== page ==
By STEVE KRAH
Baseball doesn’t have to be complicated.
“In high school, you need to three things very well. It’s simple — throw strikes, make plays and put the ball in play.
“We do our very best to keep things as simple as we can. If we do the simple things, then we’re pretty successful.”
The Forest Park Rangers have found themselves ranked among the top IHSAA Class 2A schools in many of the seasons where they grasped and executed the simple concepts emphasized by Howard.
At a school of about 400, there are occasional downs mixed in with the ups. But Forest Park has won about two-thirds of games.
A member of the Pocket Athletic Conference (along with Gibson Southern, Heritage Hills, North Posey, Pike Central, South Spencer, Southridge, Tecumseh and Tell City), the Rangers and other PAC schools play each other once.
Forest Park competed in 2018 in the 2A Tell City Sectional (which also featured Evansville Mater Dei, North Posey, Perry Central, South Spencer plus host Tell City).
Schools in that field have made 11 state championship game appearances and won it all seven times — South Spencer 4, North Posey 2 and Mater Dei 1.
Forest Park has won four sectionals (1975, 1976, 1984 and 2002) and one regional (1976).
The 2018 squad went 10-11 and featured Trever Zink, who was team player of year, co-Indiana High School Baseball Coaches Association district player of the year and participated in the IHSBCA North/South All-Star Series in South Bend.
Senior Daniel Lusk earned a defensive and mental attitude awards. Freshman Gage Hasenour took the lowest earned run average/pitching award. Sophomore Gavin Knust gathered the hitting award for the highest batting average and was named most improved.
Zink and Lusk were all-PAC and Knust gained honorable mention all-conference.
The Rangers gave Howard his 300th career coaching victory April 30, 2018 against Evansville Bosse.
With proximity and Howard’s ties to Kentucky, Forest Park played some of its games against schools from the Bluegrass State.
Howard says it often makes scheduling easier than in Indiana since a statewide assigner matches umpires with games in Kentucky.
Being a smaller school, Forest Park relies on many multi-sport athletes. Baseball players are asked to get in their work when they can and the coaching staff, which also includes former Howard players Kyle Greulich, Brent Wendholt and Jesse Hagedorn plus volunteers Darren Weisheit and Andy Rohleder are all willing to help.
Greulich played at Oakland City University, pitching coach Wendholt at Vincennes University and then at the University of Southern Indiana, Weisheit at Southeastern Illinois College in Harrisburg, Ill. and Rohleder at the University of Evansville and in the Florida/Miami Marlins organization and with independent Gary Southshore RailCats.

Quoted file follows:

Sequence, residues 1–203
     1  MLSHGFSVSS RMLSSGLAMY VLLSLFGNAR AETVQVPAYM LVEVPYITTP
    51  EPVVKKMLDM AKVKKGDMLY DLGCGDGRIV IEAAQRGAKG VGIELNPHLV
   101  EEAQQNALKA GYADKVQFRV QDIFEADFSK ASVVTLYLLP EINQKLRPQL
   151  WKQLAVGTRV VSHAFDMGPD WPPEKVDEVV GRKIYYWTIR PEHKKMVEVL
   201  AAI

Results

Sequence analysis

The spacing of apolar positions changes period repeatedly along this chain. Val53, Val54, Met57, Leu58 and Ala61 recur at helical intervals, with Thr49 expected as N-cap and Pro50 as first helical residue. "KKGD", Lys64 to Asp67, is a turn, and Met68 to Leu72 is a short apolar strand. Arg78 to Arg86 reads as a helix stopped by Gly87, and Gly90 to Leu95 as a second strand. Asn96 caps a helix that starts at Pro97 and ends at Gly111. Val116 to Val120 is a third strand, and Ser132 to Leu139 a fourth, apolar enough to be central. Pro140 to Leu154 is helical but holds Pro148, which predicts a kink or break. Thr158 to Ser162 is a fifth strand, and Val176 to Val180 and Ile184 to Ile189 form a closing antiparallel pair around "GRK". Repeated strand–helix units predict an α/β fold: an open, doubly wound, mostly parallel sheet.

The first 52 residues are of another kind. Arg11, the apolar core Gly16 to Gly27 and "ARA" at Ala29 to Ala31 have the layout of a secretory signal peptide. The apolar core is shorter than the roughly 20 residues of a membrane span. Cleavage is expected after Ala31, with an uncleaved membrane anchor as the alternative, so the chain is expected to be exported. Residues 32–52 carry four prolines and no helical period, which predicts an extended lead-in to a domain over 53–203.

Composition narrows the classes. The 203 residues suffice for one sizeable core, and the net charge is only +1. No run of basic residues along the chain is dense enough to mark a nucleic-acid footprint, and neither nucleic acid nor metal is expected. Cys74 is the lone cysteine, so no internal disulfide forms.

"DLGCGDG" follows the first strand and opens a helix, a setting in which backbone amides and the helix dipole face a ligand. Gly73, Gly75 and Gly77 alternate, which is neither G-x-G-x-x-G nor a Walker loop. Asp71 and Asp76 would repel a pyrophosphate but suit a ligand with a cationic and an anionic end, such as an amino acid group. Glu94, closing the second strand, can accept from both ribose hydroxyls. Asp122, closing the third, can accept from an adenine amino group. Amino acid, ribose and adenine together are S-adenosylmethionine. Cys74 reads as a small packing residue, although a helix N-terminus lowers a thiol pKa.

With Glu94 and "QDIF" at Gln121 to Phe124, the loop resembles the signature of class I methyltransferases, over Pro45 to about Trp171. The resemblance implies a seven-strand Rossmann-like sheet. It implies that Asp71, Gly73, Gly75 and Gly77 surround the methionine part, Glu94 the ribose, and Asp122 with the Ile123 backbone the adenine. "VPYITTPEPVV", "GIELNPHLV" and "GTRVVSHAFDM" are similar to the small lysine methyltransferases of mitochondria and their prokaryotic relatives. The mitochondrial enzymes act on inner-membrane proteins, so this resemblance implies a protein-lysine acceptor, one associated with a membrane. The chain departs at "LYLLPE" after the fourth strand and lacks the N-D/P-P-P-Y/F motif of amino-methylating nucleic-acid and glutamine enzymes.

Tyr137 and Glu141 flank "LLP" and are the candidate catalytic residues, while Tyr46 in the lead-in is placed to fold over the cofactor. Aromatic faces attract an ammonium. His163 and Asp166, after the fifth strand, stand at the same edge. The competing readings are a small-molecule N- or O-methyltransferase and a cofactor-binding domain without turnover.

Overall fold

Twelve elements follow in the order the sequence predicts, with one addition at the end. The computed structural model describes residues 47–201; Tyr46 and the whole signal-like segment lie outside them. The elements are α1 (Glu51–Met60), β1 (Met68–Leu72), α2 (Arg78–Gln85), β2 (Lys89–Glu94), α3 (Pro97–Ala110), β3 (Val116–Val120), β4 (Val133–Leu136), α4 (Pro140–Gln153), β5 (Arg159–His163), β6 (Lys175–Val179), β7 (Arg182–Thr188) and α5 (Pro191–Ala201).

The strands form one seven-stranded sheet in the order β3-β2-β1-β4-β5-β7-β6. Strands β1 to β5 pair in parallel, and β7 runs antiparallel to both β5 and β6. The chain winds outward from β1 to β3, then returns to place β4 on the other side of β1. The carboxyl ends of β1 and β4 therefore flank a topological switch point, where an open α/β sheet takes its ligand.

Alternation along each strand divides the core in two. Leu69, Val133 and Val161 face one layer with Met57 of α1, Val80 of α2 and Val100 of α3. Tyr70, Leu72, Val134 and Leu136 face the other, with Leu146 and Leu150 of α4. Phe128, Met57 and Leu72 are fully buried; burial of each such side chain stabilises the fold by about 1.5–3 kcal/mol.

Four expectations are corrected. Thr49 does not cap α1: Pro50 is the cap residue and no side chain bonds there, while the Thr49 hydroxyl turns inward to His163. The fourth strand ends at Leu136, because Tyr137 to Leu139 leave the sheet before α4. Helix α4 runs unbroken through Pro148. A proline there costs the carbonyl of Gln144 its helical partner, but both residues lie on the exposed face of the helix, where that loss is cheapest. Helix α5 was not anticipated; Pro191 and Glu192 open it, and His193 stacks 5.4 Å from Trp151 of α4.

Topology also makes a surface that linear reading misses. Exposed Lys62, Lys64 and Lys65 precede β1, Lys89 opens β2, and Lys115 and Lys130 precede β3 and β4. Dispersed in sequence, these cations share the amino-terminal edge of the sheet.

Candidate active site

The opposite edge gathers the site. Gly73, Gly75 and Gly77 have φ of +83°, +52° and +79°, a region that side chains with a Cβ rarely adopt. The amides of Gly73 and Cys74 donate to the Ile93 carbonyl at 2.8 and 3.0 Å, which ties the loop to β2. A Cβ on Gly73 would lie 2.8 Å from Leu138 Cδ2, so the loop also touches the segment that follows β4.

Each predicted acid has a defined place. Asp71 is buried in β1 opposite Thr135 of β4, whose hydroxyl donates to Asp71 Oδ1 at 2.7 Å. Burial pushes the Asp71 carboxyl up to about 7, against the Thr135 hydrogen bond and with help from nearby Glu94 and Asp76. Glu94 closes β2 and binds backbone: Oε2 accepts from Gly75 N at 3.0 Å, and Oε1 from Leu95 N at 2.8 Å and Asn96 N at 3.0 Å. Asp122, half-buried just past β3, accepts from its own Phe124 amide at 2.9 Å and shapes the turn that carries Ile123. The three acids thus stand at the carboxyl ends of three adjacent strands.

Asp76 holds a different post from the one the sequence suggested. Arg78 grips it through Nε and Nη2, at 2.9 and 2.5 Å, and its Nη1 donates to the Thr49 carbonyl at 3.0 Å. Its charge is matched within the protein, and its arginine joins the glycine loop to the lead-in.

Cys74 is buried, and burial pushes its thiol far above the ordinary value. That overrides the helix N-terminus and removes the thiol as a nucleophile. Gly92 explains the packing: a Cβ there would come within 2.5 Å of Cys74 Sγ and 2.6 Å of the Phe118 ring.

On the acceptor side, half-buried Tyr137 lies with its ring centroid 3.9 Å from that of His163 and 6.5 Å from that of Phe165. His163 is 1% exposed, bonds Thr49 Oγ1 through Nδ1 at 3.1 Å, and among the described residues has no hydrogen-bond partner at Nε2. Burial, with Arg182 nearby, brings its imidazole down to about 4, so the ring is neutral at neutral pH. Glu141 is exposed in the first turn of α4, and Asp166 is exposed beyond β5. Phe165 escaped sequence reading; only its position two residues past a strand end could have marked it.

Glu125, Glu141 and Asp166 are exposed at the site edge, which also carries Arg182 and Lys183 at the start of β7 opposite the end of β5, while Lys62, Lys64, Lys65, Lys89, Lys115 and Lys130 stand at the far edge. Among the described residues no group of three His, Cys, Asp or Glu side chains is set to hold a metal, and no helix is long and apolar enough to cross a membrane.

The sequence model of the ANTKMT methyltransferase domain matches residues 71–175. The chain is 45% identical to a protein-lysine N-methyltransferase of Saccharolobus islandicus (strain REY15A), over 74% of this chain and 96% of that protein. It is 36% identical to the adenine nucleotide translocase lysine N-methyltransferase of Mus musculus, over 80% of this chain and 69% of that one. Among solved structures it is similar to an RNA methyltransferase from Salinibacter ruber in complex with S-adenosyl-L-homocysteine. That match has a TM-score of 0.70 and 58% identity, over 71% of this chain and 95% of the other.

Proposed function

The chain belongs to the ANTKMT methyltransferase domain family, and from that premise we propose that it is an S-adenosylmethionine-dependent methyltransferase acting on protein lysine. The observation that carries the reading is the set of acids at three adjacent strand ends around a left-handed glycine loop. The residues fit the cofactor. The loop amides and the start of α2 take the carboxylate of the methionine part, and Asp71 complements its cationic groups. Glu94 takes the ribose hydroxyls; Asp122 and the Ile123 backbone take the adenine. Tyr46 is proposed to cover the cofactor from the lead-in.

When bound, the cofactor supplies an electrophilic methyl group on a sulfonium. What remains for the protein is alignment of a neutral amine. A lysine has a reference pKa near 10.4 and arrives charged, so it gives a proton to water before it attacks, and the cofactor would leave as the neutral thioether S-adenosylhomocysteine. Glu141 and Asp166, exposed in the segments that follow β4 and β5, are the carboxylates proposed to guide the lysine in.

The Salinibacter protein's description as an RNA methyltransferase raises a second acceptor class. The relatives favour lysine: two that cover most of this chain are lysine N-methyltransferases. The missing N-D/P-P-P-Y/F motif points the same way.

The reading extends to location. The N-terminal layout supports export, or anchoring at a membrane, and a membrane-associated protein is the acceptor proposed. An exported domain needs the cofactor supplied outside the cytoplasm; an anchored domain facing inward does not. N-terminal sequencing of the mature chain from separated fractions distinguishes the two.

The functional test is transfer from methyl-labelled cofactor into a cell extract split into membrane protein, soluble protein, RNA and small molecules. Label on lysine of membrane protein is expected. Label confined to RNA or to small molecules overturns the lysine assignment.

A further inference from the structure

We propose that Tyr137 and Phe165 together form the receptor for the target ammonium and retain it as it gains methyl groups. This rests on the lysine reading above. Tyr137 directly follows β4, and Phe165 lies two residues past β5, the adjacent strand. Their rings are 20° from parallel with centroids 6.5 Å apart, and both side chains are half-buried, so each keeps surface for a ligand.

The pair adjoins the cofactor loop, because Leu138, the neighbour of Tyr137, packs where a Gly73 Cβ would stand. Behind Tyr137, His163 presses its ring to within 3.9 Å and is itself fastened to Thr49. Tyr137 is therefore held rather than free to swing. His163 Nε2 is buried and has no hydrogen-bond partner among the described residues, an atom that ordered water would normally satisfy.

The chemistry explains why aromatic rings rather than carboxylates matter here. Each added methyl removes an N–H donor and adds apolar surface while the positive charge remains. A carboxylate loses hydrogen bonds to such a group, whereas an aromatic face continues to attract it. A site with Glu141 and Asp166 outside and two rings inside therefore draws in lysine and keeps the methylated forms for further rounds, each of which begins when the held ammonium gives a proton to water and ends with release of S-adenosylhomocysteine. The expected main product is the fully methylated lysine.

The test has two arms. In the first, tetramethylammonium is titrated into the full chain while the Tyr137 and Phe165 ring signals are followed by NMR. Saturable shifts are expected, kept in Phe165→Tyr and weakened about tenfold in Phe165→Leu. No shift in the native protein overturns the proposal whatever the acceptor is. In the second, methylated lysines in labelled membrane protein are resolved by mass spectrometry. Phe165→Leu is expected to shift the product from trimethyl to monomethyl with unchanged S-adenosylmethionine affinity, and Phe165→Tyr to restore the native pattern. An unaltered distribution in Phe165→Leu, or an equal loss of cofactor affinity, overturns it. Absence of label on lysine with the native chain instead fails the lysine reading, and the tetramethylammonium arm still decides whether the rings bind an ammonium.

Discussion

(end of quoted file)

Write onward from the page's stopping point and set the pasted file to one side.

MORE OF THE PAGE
“Our player development has been very good,” says Howard. “The summer time is a big deal. We do as much as we can.”
Howard has sent nearly 20 players on to college baseball. The most recent ones are Zink to Olney (Ill.) Central College and Eli Knust, who played at Vincennes University and is now at Huntington University.
Forest Park fields varsity and junior varsity teams with about 24 to 26 players in the program.
Both squads generally practice together.
“I want them to be able to understand what I’m doing,” says Howard. “I want them to get used to how I handle situations.”
Ranger Field, located on the school campus, sports Bermuda grass.
“Our playing surface is phenomenal — very fast,” says Howard, who reports that the program is looking into updating the backstop and adding visitor seating to get a chance at hosting a sectional or regional.
Feeding the high school program are the Forest Park Youth Sports. In this summer’s Indiana Little League tournaments, FPYS advanced its 10- and 11-year-old teams to the state semifinals while the 12-year-olds bowed out in the district finals. The latter group took the state title when they were 10.
There are seventh and eighth grade baseball teams at Forest Park in the spring.
“We’re excited about the next four or five years coming,” says Howard.
The 2018 Rangers had two seniors. On many days, there were as many as seven freshmen and sophomores in the lineup.
A 1993 McLean County (Ky.) High School graduate, Howard played for Rockport American Legion Post 254 then coaches John Hayes and T-Ray Fletcher at Oakland City. Howard was an assistant to Fletcher for two years before going to Forest Park.
The holder of a business education degrees with two masters (business management and school administration), Howard’s day job is as director of the Patoka Valley Career and Technical Cooperative. He has an office in Jasper, Ind., but spends much of his time on the road overseeing the 17 programs based at 10 high schools.
Jarred and Natalie Howard have three children — sons Drew and Reid and daughter Bree. Drew is heading into the ninth grade, Reid the seventh and Bree the second.
Both boys play for Ironmen Baseball travel organization.
Forest Park Senior/Junior High School head baseball coach Jarred Howard (left) accepts a plaque commemorating his 300th career victory from Forest Park athletic director Doug Louden.